The traditional restaurants are going to struggle in this scenario because it is hard to compete on cost with other establishments and the fast casual/fast food/grocery prepared foods channels while maintaining their profits. It is a situation to bear in mind as the commodity pricing on food overall, and certain products such as beef and eggs in particular, will remain at a point where the restaurants and the grocery stores will feel the squeeze for the foreseeable future.

Dannon Launches GMO- Free Yogurt

Dannon announced today that the company has launched yogurt products which are free of GMOs in the United States. The changes have been made to the Dannon main brand product line and to the Oikos Greek yogurt brand product line. The company, according to industry and financial media reports, also plans on launching GMO free product versions of the Dannimals product line geared toward children.

The products that cannot be made with GMO free ingredients or GMO free milk will be labeled very distinctly that they contain genetically modified ingredients. The products that are now GMO-free have a new packaging and a distinct label indicating GMO-free.

I discovered this while shopping in my local grocery store today and picking up some Greek yogurt I noticed that the Oikos products had a new package that was clear plastic so that I could see the product. I picked it up to see what the new package indicated and noticed the GMO free label right away. I have advocated for GMO labeling on food products for a long time now, so I was very happy to see this change today.

Dannon is making an effort to source all of their milk from non-GMO sources by either late 2017 or 2018 depending on what reports you may see on this topic. I think that latitude in the time frame is also predicated on demand for the products potentially increasing and the need for more adequate supply to catch up and flatten out that curve.

Dannon is certainly going to gain customers from this change, even if it is incremental, because not all the products in the brand lines I mentioned above have hit the shelves with their GMO free versions yet. However, those that have certainly will get the attention of the consumer in a positive way.

The groups that advocate for GMO labeling and for a change to non-GMO sourcing in food products have been hammering Chobani and General Mills (Yoplait) for a long time now to make this change. The fact that Dannon was the first to market with this concept in this food product category that has exploded with the trend toward healthier eating in the U.S. bodes well for their brand image and reputation. That is all going to translate into increased sales and revenues for Dannon.

The decision to label the products that cannot be made GMO-free (at least at this point in time) is another constructive step that will push their competition to consider similar measures. The American consumer tends to look favorably upon transparency and this willingness by Dannon to comply by telling the consumer what is and what is not GMO free is a step in the right direction for proponents of stricter food labeling measures.

In the case of Dannon, my earlier article on their acquisition of White Wave Foods will only serve to enhance their capabilities in offering further GMO free product options across all their brand lines in the future, should that transaction be approved.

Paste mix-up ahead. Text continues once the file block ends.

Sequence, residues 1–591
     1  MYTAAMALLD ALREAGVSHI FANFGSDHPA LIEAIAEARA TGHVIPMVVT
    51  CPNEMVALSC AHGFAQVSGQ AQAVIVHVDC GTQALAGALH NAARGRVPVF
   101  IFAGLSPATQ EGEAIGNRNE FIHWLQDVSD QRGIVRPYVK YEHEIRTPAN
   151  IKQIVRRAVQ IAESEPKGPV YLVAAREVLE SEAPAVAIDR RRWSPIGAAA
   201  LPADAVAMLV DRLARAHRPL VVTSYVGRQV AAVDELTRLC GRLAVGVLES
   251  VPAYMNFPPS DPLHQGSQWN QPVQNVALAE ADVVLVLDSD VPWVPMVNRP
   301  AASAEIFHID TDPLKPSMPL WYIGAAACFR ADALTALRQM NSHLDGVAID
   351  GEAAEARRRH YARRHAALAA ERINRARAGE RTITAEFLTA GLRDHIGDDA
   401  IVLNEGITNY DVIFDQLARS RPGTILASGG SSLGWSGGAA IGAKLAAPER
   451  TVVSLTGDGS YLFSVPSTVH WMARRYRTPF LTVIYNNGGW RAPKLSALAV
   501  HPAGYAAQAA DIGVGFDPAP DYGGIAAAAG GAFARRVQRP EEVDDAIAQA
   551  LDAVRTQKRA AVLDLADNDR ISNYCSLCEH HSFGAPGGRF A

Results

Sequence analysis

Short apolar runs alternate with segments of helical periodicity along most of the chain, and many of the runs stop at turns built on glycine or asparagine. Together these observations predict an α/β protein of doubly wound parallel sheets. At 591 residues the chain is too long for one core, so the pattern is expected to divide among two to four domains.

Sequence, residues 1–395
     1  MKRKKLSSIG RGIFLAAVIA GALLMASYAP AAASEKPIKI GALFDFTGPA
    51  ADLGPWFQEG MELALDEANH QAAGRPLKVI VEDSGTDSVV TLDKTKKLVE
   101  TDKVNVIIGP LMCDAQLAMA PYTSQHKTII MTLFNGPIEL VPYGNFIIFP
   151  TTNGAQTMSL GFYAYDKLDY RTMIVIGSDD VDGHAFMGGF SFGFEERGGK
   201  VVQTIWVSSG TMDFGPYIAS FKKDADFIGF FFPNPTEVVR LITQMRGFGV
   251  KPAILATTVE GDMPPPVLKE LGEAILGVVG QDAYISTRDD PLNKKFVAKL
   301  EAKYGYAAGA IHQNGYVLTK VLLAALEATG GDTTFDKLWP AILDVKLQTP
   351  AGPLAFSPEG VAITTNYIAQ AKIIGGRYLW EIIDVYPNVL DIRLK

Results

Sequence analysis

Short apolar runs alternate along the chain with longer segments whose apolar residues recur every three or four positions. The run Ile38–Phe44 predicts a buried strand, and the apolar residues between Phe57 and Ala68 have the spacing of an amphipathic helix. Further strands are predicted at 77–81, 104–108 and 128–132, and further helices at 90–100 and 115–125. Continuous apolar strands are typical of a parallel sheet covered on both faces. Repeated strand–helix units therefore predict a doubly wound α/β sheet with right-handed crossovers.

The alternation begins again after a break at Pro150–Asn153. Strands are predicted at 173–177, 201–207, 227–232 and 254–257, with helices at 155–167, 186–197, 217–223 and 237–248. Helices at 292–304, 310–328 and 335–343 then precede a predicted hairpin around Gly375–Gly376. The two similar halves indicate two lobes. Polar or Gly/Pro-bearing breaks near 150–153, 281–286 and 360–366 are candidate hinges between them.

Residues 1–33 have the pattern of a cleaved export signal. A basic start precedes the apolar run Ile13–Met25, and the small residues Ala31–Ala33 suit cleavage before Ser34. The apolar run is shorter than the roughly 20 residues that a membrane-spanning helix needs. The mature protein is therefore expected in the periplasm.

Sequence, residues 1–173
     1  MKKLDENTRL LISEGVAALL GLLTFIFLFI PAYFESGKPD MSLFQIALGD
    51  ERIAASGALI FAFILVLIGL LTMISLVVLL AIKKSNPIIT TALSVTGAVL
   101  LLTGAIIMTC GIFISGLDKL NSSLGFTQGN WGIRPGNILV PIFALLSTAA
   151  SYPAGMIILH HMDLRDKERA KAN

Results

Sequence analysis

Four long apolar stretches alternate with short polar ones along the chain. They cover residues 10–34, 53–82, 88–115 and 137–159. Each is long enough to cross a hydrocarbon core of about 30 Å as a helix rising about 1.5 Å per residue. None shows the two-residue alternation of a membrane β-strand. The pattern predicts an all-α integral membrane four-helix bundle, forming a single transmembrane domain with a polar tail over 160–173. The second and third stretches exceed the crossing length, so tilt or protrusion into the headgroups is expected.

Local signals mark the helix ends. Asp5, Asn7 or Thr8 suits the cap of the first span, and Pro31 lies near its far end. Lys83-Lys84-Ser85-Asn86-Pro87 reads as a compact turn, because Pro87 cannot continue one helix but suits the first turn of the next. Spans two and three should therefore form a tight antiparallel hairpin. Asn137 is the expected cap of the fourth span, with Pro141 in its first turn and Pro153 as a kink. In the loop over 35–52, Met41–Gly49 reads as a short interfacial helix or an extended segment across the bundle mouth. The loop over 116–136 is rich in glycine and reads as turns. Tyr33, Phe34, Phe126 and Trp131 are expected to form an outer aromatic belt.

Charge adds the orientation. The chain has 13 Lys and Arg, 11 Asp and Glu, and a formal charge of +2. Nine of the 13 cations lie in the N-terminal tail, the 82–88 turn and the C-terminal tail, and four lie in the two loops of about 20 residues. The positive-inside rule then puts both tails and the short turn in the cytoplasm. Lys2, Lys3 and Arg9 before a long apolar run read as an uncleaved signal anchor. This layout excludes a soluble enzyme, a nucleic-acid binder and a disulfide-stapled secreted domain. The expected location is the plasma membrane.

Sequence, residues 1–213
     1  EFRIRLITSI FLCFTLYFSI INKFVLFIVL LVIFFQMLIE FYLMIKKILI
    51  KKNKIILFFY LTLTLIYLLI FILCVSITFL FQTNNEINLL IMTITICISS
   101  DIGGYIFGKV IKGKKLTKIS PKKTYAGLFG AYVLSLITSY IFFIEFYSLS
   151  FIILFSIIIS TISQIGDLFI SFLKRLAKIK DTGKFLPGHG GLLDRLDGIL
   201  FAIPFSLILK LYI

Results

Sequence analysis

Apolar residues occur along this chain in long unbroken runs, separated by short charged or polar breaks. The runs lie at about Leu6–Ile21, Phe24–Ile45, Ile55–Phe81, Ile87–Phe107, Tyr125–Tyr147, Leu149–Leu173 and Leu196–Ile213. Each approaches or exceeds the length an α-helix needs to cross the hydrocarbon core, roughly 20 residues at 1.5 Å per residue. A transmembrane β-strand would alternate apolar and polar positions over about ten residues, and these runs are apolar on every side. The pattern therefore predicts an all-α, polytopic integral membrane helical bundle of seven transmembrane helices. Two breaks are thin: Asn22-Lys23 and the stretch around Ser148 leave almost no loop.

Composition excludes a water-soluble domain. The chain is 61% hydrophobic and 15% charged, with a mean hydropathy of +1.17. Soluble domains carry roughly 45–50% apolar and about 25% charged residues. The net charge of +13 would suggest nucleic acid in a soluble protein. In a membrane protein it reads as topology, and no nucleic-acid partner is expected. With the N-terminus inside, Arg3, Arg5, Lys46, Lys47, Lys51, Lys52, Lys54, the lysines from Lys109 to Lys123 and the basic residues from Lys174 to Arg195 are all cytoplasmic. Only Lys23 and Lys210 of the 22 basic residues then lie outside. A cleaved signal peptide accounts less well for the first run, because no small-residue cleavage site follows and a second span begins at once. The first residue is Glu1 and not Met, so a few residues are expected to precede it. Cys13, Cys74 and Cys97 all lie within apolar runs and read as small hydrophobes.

It is going to be interesting to see how the rest of the yogurt market responds to this move by Dannon today. It certainly sets the playing field on a bold new path. I know the consumer is going to find it favorable. In time we will know how the rest of the industry tries to respond to an ever growing trend of GMO free product demand.

Doubling Up: Danone Purchases White Wave

The latest in the seemingly continuous cycle of food industry mergers and consolidations was finalized today with international dairy giant, Danone acquiring a leading American organic food maker, White Wave Foods, in an all cash deal. The details of the transaction put a valuation on White Wave of $56.25 per share which equates to about a 24% premium over their average share price in their 30 day outlook. The deal has a total value of $12.5 billion according to several mainstream media outlets covering the financial transactions of the day.

My perspective on this situation comes from my time working for a food ingredient supplier that was partnered with Danone on numerous product lines. I have had direct involvement with Danone in the US which is more commonly known as Dannon. The statements released today announcing this transaction reflect the emphasis on values which are very important to Danone, in my experience. The focus on healthy food options for the consumer being a core value.

The transaction today essentially doubles the size of Danone’s North American business market share once the deal is finalized. The two companies have some great synergies with a common shared strategic specialty in the dairy segment of the industry. The proposed transaction will provide two major boosts to Danone with regard to their long term business strategy by obtaining White Wave: it provides a robust boost to their overall sales growth (Danone has had some issues with barriers to growth in emerging markets) and it will give them an entry point into the American organic foods segment which is poised for huge growth potential.

Danone has several well-known brands such as Oikos Greek Yogurt, Activia (yogurt), and Evian bottled water. This move to fold in White Wave will enhance their ability to compete with Nestle and General Mills, among other competitors.

White Wave has such notable brands as Horizon Organic and Silk. They possess some very valuable strategies and technologies with regard to the coveted organic/healthy food trend that is sweeping North America at this point. Their combination with Danone will result in an expansion of those brands and product lines as well as new business growth areas based on their shared expertise.